Energy services firm Baker Hughes sank deep into the red during the first quarter as the oil price rout and Covid-19 pandemic took their toll.
Baker Hughes posted pre-tax losses of £12.9 billion for the quarter, down from a profit of £111.5 million a year ago, while revenues dipped 3% year-on-year to £4.4bn.
Orders for the quarter totalled £4.5bn, down 3% year-over-year.
The company said the virus put an £80 million dent in its operating income during the three months by disrupting supply chains and causing a drop-off in sales in Asia-Pacific and Europe.
Chief executive Lorenzo Simonelli insisted the company had delivered “solid results” in some of its business segments in the face of a “volatile macro environment” driven by a marked drop in oil prices and the pandemic.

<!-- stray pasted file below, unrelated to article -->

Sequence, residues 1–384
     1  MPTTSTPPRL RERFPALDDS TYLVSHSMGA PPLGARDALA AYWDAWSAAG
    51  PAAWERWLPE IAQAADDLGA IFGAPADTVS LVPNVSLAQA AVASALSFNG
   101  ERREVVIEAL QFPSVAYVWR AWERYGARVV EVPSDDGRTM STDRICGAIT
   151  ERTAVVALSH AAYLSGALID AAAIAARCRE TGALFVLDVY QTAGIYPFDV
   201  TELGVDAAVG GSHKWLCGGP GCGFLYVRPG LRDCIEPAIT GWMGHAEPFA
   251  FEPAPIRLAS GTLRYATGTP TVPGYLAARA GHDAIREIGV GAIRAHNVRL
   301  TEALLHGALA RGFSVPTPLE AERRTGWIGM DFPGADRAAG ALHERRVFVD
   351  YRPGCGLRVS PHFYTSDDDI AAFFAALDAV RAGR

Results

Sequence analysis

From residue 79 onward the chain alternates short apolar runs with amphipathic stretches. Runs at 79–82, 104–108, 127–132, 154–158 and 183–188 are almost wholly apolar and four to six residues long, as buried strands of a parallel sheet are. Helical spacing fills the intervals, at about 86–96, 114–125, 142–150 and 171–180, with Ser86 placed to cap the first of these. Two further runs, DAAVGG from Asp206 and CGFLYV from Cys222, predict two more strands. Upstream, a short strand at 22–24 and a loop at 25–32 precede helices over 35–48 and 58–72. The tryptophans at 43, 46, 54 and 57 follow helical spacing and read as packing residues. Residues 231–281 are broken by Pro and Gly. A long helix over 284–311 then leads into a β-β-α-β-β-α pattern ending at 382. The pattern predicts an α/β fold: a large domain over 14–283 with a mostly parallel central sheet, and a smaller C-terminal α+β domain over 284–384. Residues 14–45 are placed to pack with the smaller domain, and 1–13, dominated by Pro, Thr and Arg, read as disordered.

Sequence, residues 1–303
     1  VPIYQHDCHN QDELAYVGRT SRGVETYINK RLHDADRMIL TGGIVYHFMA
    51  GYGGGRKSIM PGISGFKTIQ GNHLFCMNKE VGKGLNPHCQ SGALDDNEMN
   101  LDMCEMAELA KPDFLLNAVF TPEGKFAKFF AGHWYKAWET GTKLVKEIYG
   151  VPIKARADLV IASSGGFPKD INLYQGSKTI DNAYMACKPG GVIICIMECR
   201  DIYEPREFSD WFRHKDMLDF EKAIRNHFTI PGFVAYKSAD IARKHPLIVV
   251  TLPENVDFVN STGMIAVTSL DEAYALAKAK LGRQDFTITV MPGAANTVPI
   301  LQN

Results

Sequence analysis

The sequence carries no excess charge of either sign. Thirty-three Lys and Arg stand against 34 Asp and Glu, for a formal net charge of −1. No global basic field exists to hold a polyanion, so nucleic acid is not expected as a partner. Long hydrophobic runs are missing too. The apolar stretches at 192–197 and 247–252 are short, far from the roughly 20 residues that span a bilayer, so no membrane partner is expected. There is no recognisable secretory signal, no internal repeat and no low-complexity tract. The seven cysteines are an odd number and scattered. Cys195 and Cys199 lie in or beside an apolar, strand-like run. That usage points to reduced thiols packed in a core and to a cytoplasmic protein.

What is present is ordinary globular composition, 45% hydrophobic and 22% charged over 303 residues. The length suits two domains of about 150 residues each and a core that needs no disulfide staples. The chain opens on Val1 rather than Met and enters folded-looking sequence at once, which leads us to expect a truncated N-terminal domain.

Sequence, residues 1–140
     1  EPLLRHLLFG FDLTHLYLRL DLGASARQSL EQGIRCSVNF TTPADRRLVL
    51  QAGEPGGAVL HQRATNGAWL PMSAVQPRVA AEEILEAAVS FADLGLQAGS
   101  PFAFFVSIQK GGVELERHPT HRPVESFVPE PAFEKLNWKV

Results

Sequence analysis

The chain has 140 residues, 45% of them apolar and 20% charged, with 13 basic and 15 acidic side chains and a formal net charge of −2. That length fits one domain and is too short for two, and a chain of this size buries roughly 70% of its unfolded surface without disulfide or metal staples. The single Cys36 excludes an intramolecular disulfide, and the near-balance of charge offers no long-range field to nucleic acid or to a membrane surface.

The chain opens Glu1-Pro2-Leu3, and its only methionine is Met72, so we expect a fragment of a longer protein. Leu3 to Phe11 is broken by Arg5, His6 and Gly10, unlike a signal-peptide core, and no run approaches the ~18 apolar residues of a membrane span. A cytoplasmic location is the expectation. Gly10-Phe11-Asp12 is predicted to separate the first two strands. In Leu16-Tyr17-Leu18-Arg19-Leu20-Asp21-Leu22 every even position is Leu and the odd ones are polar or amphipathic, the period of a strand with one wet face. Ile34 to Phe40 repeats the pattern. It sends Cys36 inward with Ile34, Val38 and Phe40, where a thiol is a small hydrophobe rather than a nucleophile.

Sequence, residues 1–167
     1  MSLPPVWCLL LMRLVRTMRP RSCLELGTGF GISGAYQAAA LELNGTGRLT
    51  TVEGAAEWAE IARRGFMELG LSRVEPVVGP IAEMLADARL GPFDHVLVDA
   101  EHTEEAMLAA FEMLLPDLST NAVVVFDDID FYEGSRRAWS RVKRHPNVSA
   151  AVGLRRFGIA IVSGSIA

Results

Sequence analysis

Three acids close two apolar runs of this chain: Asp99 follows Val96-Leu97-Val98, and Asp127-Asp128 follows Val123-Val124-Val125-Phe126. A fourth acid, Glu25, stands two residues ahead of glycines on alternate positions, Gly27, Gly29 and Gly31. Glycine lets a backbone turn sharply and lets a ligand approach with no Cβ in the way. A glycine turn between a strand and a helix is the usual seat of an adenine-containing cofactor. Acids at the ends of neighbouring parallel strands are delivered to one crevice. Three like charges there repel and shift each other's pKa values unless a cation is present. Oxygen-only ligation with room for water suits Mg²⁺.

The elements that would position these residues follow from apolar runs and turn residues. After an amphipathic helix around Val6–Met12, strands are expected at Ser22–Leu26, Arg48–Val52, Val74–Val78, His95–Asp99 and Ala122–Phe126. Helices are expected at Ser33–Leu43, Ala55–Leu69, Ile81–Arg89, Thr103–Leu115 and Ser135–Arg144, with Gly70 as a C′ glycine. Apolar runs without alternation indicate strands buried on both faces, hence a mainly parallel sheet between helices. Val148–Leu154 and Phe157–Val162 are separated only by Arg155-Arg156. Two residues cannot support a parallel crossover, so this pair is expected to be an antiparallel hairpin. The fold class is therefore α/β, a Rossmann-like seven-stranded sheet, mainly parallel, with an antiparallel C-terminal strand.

Mr Simonelli said Baker Hughes had taken “decisive action” to cut costs, accelerate structural changes and deploy technology that can lower costs for clients.
It has lowered 2020 capital expenditure by a fifth compared to 2019 and put in place a restructuring plan to “right-size its operations”.
Restructuring, impairment and other charges totalling £1.2bn were recorded in Q1, mainly related to “product line rationalisation” and “headcount reductions”.
As of November, Baker Hughes employed about 2,000 people across nine locations in Aberdeen city and shire, including Altens, Portlethen and Inverurie.
It also employs hundreds of people at a large manufacturing facility in Montrose, Angus.
Baker Hughes declined to say whether any of these locations would be affected by the headcount reductions.
A spokeswoman for the company did say: “We are facing unprecedented market conditions, requiring us to reduce costs and restructure parts of our business.
“These decisions are always difficult, and we make them with the utmost sensitivity to the impact on our employees, communities, and customers”